In just a day, the uptake for Apple's iOS 9 jumped to almost 11 percent, according to the latest stats from analytics firm Mixpanel.
Rolled out Wednesday across the world, adoption rate of 10.9 percent as of Thursday morning, according to the firm's findings. Mixpanel bases its data on an analysis of mobile app usage, specifically the number of devices using the thousands of apps that it monitors. Its analysis can't provide a complete picture of all iOS devices and users, but it can serve as a good indicator.reached an
Apple refreshes iOS, the software that powers iPhones, iPads and iPod Touch devices, every year with new features and refinements that it hopes will entice users to upgrade and will help it compete with Google's Android mobile operating system. Also important is stability. With iOS 9, Apple needs to avoid the sorts of bug problems that soured the launch of iOS 8 a year ago.
So is 11 percent a good start? Well, it's not quite as good as iOS 8 achieved out of the starting gate, according to Mixpanel's stats from last year. In September 2014, Mixpanel's data showedless than 24 hours after it debuted.
Mixpanel's data differs from that of fellow mobile analytics firm Tapjoy, which has pegged iOS 9 adoption at slightly higher than 6 percent as of Thursday morning, according to a blog posted by Patrick Seybold, Tapjoy's vice president for communications and marketing partnerships. Tapjoy sees iOS 9 adoption at a slightly slower pace compared with that of iOS 8 and way behind that of iOS 7. Tapjoy bases its data on an analysis of more than 200 million unique iOS consumers per month.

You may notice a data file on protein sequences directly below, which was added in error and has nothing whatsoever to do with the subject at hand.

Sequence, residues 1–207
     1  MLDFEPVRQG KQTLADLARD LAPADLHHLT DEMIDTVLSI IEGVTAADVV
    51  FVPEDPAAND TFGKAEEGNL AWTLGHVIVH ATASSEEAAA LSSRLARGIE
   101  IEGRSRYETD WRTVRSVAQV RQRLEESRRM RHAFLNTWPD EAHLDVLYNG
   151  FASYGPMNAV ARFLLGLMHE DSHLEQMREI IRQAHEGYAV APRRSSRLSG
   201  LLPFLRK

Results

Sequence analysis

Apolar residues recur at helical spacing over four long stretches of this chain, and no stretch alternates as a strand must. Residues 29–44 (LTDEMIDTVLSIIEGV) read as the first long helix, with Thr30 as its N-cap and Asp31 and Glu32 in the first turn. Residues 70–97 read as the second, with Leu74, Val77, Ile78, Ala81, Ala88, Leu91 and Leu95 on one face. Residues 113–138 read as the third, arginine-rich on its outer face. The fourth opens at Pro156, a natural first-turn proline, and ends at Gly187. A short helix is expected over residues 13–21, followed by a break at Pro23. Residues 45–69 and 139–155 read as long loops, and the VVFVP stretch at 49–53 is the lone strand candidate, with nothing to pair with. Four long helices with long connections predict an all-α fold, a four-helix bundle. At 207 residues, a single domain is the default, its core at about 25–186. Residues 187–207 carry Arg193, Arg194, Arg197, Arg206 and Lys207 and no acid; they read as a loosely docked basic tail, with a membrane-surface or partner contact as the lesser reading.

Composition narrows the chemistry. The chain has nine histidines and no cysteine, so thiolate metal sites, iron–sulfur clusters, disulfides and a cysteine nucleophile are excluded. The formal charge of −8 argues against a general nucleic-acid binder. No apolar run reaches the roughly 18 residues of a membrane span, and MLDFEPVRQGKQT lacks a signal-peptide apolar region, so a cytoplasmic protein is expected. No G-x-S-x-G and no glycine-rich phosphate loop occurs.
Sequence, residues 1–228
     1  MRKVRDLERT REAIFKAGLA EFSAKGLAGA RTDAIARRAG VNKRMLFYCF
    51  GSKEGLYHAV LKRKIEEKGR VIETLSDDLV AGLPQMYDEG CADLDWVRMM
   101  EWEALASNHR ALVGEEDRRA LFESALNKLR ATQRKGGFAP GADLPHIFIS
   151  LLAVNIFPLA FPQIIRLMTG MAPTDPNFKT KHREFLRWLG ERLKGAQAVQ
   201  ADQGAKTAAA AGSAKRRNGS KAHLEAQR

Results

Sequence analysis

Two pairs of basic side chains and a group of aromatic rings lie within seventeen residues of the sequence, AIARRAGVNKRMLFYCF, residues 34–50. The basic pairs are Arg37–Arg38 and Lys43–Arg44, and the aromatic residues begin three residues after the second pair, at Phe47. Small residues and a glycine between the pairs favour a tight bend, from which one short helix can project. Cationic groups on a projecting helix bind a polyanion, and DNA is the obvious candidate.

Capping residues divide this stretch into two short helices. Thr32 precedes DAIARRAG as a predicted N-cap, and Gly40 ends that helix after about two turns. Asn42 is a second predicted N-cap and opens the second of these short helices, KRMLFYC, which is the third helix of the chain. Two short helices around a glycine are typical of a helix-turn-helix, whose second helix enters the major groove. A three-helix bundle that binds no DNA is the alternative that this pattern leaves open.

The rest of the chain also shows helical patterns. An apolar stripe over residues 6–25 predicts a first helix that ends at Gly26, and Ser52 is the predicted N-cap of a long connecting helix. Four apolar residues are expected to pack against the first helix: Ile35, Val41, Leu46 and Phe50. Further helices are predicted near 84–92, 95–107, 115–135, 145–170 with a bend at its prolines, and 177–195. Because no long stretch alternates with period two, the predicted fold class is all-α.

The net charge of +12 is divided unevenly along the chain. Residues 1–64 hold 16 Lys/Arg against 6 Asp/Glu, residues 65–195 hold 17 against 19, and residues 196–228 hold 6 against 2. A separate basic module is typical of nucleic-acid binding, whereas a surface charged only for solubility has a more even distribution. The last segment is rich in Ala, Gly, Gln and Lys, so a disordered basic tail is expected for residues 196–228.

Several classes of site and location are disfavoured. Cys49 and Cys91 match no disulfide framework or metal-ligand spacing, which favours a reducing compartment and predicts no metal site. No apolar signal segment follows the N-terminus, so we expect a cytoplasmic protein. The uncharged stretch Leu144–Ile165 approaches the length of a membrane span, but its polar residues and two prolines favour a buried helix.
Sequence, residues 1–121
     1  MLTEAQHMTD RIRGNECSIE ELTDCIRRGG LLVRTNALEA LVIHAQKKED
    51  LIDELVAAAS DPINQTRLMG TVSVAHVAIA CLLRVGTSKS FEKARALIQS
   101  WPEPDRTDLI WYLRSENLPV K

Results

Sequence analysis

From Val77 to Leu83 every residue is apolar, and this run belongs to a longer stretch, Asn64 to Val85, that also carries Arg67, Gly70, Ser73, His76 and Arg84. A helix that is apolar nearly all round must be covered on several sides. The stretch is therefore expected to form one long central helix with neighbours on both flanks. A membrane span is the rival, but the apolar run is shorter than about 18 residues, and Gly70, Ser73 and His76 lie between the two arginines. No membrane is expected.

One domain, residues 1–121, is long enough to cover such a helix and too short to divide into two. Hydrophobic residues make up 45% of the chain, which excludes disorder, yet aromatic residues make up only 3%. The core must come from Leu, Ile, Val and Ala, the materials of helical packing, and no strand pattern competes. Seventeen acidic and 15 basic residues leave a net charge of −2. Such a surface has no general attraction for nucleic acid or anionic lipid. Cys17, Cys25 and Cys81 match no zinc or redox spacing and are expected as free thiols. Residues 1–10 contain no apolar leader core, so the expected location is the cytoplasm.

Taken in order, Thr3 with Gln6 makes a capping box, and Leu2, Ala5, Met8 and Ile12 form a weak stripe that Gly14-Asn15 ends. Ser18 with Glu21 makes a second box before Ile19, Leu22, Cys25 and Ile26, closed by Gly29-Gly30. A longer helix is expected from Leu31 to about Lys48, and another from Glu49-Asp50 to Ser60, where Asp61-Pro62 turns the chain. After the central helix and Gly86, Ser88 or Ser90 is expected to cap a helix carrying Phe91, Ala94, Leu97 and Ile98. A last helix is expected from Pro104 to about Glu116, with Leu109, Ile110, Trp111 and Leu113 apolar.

"This slow adoption rate underscores the trending rule of thumb for upgrading to a new mobile operating system," Seybold said in his blog. "Unless there are must-have device-changing features in the OS, more and more consumers are waiting a little while for early, annoying bugs to be stamped out, and then upgrade once the OS has been more refined."
Cupertino, California-based Apple has not yet released its own figures on iOS 9 adoption.
The glitches that occurred with the initial versions of iOS 8 do show that may be wise not to rush. Users who wait at least a couple of days to upgrade can gauge the reaction to the new software and see if other people are bumping into trouble.
Users did run into some delays trying to snag iOS 9 on Wednesday, with Apple's servers apparently hiccuping under the heavy weight of all those downloads. But that's not unusual when so many users are trying to download the same software over the same period of time.
Beyond that, there don't seem to be major complaints popping up about iOS 9 bugs or technical issues, at least not yet. It will take a bit of time for most users who've downloaded it to try out every feature.
The latest iOS version includes improvements to the voice-activated Siri digital assistant, the Maps app, the Notes app and the search feature. Like Microsoft's Cortana, Siri can now remind you of calendar appointments. The Notes app now lets you create checklists, draw sketches and add attachments. And the Apple Maps app now has more mass-transit information, including schedules and subway station entrances for urban locales such as New York City, the San Francisco Bay Area, Mexico City and Beijing.
iOS 9 also promises better battery life with a new low-power mode that turns off certain bells and whistles when you run below a 20 percent battery charge. A new split-screen feature lets you run two apps side by side, but only if you're using the iPad Air 2 or later iPads. And Apple has added a new, which aggregates different news sources and topics to help you keep up with the latest stories around the world.
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